Hareide, however, has expressed lingering concern over Sandberg’s role in the Progress Party’s strategy. He reportedly has now dropped any idea of joining the government and its agreement to support the government is hanging by a thread. Jensen refused to publicly acknowledge Hareide’s concern, which was also an issue among the leaders of the government parties’ youth organizations during their own debate on state broadcaster NRK Wednesday morning.  Top Christian Democrats’ members simply won’t put Sandberg’s remarks behind them, and have called on the party to reevaluate its support for the minority government coalition that helps keep it in power. Members and leaders of the government’s other support party, the Liberals, are considering the same, meaning the government could fall.

That’s why the four party leaders, reported TV2, plan to meet next week to hash out the biggest crisis that’s hit them since they assumed power after the 2013 election. The stakes are high, with municipal elections looming this fall and even Oslo Mayor Fabian Stang of the Conservatives reportedly worried that the government squabbling may cost him his job. Voter support has plummeted for both government parties, especially the Progress Party, and their candidates stand to lose badly at the local government level.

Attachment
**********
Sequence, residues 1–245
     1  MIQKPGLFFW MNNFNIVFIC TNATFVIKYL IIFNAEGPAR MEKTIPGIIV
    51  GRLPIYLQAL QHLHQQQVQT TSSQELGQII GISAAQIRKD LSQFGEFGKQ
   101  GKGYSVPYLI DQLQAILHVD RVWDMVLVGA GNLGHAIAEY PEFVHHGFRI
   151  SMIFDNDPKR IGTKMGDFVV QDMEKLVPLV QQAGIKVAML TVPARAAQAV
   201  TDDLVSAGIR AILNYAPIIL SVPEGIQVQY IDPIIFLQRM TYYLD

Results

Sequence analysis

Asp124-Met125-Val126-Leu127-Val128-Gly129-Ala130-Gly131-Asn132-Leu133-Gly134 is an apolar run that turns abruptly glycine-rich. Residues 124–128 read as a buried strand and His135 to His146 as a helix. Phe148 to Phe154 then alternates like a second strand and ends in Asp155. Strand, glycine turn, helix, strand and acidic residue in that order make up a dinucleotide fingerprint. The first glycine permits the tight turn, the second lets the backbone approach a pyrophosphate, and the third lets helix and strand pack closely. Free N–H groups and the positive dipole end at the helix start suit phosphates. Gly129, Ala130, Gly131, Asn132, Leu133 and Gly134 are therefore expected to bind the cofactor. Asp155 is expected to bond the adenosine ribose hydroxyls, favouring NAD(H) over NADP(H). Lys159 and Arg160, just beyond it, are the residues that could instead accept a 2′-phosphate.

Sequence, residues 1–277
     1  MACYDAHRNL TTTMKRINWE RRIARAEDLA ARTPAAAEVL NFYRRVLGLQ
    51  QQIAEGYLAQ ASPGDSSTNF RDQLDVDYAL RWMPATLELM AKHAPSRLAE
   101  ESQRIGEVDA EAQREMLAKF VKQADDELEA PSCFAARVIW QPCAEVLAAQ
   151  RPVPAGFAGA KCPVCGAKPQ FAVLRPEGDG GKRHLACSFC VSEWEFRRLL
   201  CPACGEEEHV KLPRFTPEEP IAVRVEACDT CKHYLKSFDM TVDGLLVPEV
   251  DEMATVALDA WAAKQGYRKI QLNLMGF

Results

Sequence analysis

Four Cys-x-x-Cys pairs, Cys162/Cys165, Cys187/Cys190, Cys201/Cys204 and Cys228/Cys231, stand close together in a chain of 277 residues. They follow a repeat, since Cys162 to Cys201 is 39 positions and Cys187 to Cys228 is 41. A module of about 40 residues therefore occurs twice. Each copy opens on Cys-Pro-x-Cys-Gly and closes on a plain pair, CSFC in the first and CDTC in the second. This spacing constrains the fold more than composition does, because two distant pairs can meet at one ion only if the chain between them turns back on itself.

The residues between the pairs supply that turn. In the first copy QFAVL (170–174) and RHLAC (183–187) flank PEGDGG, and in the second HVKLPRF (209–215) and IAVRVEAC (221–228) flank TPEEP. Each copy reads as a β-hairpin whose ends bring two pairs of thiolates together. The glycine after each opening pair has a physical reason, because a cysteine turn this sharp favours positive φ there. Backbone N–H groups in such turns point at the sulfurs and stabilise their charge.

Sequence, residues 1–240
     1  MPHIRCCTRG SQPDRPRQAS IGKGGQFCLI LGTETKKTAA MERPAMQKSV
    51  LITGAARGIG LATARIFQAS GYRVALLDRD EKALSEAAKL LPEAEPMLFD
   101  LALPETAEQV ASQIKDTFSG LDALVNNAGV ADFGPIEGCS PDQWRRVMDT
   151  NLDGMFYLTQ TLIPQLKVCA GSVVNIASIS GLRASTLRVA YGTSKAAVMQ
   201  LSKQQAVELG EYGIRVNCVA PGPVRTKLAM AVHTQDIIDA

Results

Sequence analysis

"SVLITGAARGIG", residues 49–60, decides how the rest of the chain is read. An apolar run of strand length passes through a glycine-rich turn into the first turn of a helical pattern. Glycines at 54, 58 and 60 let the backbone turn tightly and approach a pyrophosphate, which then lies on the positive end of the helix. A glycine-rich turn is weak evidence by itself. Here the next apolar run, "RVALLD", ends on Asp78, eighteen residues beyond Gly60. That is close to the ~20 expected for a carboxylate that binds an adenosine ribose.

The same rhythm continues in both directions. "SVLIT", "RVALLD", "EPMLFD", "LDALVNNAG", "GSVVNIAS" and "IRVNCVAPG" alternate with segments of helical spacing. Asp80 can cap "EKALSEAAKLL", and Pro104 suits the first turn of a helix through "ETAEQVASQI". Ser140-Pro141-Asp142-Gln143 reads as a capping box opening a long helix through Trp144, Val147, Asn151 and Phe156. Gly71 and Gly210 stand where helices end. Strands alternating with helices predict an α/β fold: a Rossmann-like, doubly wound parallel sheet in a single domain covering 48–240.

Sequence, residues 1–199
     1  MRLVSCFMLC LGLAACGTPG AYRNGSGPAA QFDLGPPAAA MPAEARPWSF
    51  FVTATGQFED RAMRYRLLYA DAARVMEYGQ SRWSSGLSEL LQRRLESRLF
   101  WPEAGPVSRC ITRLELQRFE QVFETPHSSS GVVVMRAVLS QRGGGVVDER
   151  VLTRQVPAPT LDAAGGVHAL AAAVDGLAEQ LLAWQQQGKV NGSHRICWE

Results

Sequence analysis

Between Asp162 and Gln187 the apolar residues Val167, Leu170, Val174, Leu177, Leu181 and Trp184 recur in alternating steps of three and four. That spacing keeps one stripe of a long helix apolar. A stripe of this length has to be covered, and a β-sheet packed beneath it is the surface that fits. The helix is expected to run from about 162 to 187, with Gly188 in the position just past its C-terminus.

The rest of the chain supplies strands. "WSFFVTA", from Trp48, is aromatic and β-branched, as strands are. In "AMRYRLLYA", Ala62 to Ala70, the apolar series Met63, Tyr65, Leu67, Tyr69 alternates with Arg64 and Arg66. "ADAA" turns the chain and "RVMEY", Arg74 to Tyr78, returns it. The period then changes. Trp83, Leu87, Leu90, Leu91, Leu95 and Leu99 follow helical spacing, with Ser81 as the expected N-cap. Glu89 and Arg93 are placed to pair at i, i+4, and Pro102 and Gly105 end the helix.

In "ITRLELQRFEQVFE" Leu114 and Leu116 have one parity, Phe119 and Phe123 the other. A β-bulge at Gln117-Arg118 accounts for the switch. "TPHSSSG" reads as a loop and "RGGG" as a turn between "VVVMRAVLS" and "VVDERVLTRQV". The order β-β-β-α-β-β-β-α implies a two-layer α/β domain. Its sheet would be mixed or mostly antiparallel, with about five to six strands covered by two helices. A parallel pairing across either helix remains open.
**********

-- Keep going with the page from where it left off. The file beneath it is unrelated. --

Asked whether she views the government as a winning team, Jensen told DN that “we at any rate should be better at being one. But this is about getting rid of the noise and putting more attention on political solutions.” She’s not willing to get rid of Sandberg, though, despite concern from within the party itself that he’s become more of a liability than a colourful and occasionally entertaining politician. He can cost the Progress Party its first-ever role in government, and topple Solberg’s government project, leaving Jensen to decide whether her party is better suited to being in opposition than position.

newsinenglish.no/Nina Berglund